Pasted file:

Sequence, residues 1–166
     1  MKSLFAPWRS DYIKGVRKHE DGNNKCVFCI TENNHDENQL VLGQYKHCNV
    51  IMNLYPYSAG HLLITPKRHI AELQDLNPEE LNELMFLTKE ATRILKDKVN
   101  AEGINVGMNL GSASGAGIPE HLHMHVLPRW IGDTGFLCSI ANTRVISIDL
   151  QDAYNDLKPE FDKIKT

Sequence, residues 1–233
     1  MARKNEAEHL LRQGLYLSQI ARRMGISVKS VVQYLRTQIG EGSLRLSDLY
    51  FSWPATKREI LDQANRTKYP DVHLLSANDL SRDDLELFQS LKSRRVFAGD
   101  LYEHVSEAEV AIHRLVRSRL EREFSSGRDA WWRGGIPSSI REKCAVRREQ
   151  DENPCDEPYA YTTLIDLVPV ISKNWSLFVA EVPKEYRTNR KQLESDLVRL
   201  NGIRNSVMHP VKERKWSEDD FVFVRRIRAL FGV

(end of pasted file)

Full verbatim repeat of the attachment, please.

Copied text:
Sequence, residues 1–166
     1  MKSLFAPWRS DYIKGVRKHE DGNNKCVFCI TENNHDENQL VLGQYKHCNV
    51  IMNLYPYSAG HLLITPKRHI AELQDLNPEE LNELMFLTKE ATRILKDKVN
   101  AEGINVGMNL GSASGAGIPE HLHMHVLPRW IGDTGFLCSI ANTRVISIDL
   151  QDAYNDLKPE FDKIKT

Sequence, residues 1–233
     1  MARKNEAEHL LRQGLYLSQI ARRMGISVKS VVQYLRTQIG EGSLRLSDLY
    51  FSWPATKREI LDQANRTKYP DVHLLSANDL SRDDLELFQS LKSRRVFAGD
   101  LYEHVSEAEV AIHRLVRSRL EREFSSGRDA WWRGGIPSSI REKCAVRREQ
   151  DENPCDEPYA YTTLIDLVPV ISKNWSLFVA EVPKEYRTNR KQLESDLVRL
   201  NGIRNSVMHP VKERKWSEDD FVFVRRIRAL FGV